A train is being fitted with FleetShield wrapping

FleetShield expands focus with advisory role, enhancing efficiency for train manufacturers

A train is being fitted with FleetShield wrapping FleetShield

FleetShield, a company specialising in film applications and wrapping of rolling stock, is changing course to take on an advisory role for manufacturers and railway operators. “We realised guidance for engineering departments is important, and thinking along in the process can save material and time”, says Jeroen van Son, managing director of FleetShield.

When thinking about manufacturing and maintaining trains, trams and other rolling stock, the outmost layer protecting the train from wear and tear, damage and graffiti is not the first thing many people think of. It is also not something about which many professionals working at railway operators or rolling stock manufacturers have extensive know-how.

FleetShield, based in the Netherlands, is a firm that specialises in this field. Wrapping rolling stock in film instead of spray painting the exterior can have advantages. Applying it is typically much faster than painting: it takes one to three days, while spray painting a whole train can take 4 to 6 weeks, says Jeroen Van Son. “This leads to 30 to 50 per cent less downtime. The faster a trainset for which a new exterior look is done can be finished, the earlier it can go back into service. In some of our refurbishment projects, we actually have an ‘old style’ train (Double- deck-3 cars) that is prepared for foil and wrapped in less than 2 weeks.”

In Europe, there are a lot of sign-making companies dealing with some type of foil application, but as soon as it comes to rail it is a different story, says Van Son. “It is not just like wrapping a car or making a text on a shop window. For example, fire standards play a big role in rail. As a specialist in this field, we have done a lot ourselves in the past 20 years”.

Comfort zone

Now, the company, which is active in six European countries, is expanding its focus on taking on an advisory role. “We see that manufacturers of rolling stock equipment are completely (over)loaded with work. There are more than 35 billion euros in different orders outstanding at manufacturers today. Our focus will increasingly move in the direction of rolling stock manufacturers and operators to help with their process. For example, we can assist operators in drawing up foil-related specifications for tenders to make or produce new equipment. At the same time, we can assist rolling stock OEM with the right translation of specs and/or implementation of foil within their production process.”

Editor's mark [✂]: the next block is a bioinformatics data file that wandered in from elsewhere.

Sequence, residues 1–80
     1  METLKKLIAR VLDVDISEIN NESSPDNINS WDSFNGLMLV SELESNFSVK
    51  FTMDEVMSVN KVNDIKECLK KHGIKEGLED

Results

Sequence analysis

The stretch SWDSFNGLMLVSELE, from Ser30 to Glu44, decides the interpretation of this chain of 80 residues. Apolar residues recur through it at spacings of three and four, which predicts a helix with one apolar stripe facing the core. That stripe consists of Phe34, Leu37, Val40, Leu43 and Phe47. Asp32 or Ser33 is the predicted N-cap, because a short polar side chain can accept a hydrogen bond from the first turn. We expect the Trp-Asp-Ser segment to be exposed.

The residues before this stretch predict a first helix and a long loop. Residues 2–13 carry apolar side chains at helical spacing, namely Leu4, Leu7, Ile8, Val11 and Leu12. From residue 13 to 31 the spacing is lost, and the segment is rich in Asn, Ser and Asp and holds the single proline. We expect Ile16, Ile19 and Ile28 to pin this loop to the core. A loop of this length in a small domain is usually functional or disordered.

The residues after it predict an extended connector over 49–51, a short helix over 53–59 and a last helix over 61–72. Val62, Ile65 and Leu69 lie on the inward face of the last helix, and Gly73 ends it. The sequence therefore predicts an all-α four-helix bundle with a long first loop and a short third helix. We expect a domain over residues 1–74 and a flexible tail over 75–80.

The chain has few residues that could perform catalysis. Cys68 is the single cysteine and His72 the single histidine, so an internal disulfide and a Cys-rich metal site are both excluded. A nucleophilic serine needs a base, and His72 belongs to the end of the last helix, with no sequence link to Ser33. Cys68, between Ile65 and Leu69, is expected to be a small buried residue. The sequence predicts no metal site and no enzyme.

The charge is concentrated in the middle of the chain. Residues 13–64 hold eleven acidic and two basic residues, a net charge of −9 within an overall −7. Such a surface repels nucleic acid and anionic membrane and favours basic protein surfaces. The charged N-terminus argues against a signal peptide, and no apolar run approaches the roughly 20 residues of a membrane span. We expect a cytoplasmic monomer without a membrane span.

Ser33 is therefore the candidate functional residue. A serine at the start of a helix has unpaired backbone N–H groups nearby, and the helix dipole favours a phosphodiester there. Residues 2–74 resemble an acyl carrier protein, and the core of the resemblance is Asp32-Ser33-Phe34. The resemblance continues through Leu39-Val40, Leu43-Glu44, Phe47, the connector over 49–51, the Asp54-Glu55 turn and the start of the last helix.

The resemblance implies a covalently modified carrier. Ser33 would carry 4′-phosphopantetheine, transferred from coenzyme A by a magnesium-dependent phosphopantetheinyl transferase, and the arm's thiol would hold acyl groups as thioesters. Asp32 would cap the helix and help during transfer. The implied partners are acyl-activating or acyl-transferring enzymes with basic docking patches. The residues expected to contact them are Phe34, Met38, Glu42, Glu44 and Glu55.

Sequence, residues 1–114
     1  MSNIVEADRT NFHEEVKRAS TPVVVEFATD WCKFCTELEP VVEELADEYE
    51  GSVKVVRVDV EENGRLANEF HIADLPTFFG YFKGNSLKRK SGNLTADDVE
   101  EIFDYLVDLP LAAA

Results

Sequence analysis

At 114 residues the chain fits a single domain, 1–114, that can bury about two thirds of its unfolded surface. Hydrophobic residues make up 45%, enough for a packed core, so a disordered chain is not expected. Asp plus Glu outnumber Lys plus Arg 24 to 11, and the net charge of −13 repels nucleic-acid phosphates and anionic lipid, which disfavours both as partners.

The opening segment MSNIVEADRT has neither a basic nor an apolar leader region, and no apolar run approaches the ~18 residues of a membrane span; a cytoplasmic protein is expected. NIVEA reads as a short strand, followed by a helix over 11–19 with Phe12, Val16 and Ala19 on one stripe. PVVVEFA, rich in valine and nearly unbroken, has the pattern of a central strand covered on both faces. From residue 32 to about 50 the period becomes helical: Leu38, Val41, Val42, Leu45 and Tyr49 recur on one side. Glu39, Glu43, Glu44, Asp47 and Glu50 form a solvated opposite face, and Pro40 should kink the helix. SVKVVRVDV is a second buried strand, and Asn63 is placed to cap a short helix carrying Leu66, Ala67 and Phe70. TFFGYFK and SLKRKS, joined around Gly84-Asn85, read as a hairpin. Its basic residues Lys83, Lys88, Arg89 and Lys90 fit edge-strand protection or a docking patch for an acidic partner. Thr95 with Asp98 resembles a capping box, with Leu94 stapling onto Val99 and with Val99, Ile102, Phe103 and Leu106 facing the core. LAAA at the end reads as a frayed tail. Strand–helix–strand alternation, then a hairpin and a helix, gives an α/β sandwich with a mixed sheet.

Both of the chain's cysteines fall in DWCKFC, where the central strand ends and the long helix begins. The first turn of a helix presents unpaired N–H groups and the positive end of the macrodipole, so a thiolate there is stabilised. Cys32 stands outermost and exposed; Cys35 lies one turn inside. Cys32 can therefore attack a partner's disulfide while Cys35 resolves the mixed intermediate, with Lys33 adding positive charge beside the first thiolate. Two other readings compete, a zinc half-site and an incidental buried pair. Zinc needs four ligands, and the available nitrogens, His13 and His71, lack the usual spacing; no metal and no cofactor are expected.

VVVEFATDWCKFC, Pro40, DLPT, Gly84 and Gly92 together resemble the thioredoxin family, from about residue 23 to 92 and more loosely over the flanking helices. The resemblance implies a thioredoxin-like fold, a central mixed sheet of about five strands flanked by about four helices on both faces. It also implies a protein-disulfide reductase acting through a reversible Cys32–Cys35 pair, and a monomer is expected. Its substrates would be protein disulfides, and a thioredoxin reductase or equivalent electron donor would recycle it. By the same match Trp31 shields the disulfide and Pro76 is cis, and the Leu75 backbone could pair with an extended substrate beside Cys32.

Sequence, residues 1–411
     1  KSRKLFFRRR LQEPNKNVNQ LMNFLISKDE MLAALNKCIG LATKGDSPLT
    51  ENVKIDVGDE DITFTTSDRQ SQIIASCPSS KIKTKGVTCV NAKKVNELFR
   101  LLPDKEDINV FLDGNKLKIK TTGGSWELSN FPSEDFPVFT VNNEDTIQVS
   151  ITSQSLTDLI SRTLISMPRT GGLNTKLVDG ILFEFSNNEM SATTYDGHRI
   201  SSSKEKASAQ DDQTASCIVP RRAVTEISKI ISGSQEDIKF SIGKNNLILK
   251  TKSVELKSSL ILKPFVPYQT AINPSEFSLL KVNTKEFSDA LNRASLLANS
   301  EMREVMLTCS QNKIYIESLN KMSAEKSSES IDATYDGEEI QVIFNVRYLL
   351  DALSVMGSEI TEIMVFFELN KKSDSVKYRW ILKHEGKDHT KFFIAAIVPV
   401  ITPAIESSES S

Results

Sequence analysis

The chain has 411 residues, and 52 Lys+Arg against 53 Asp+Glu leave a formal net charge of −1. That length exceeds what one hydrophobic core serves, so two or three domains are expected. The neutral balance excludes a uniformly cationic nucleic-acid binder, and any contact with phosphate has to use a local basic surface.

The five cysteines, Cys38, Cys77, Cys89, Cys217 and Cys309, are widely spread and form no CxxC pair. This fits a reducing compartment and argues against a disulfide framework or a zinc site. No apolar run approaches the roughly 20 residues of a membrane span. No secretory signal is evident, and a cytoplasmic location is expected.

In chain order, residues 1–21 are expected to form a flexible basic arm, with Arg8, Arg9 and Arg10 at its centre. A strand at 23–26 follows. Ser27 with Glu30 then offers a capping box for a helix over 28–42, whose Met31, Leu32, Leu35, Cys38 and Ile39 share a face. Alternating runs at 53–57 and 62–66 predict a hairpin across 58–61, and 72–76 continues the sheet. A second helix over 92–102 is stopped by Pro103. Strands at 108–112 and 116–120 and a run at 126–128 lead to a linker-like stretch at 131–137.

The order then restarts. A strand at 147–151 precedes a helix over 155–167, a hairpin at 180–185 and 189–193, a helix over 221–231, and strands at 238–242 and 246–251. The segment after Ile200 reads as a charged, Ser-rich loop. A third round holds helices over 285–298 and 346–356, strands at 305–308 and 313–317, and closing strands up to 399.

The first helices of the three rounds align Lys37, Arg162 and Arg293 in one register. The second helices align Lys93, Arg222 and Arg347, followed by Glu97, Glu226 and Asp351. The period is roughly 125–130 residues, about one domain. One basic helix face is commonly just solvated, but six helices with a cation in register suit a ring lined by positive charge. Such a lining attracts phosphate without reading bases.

I spoke to the head of an engineering department of a manufacturer recently, and the biggest challenge is to get the work done, there are so many orders and just a limited number of hands. With all the parts like the flooring, cabling and interior, the process with foil is often a bit further away from their comfort zone, and we can help with that. We can also do a lot remotely.”

“I noticed that a lot of customers don’t realise in the beginning what you have to take into account. At a certain point, we started running projects where we noticed that the guidance of engineering departments is important, and how big the need is to be assisted in this. The sooner in the process we are involved, the more we can contribute. For example, saving 1 or 2 paint layers, which not only saves weight but also process steps.“

Thinking along in the process

According to Norman Brandsma, Senior Production Engineer at NS, a major advantage of working with Fleetshield is the specialist’s ability to think along. “Especially in the beginning, when you are still looking for the best way to protect equipment, that is nice. For example, Fleetshield looked into the cutting possibilities of the anti-graffiti film for us. That is how they managed to get the cutting loss to a minimum. They also advised us to use a flexible foil for the heads of trains, so that these too could be plastered nice and tight.”

Brandsma works on modernising ageing trains at the Dutch railways. “We strip them and give them a new coat of preservation so that they can last another 18 years.” Norman explains: “If you opt for anti-graffiti film, the sprayed preservative layer is needed as a base to prevent rusting. So you get an extra layer on the train,” Brandsma explains. “But thanks to the foil, we can do away with a coat of paint and the clearcoat topcoat away.”

“When preserving a train with protective film, good cooperation with the supplier is important”, said Brandsma. The preservation layer must be dry enough, otherwise, the paint will evaporate under the foil, which can cause air bubbles. But the shorter you have to fire the paint to dry properly, the faster the process can continue.” According to the NS engineer, Fleetshield can help rail companies find the optimum balance in that.

Smart choices

After the advisory role, the customer can always choose whether to outsource everything or parts. “We can look if we do it ourselves, or have it executed locally but with us take the lead”, says Van Son.

Rob Zomerdijk, contract manager of Amsterdam public transport company GVB can affirm this. “Fleetshield is a true chain specialist. They help you make smart choices, when writing a market consultation, for example. They know the processes at rail companies and think along with you from there. Moreover, they know better than anyone what is on offer in the market.”

All the possibilities FleetShield offers can be found on the new website


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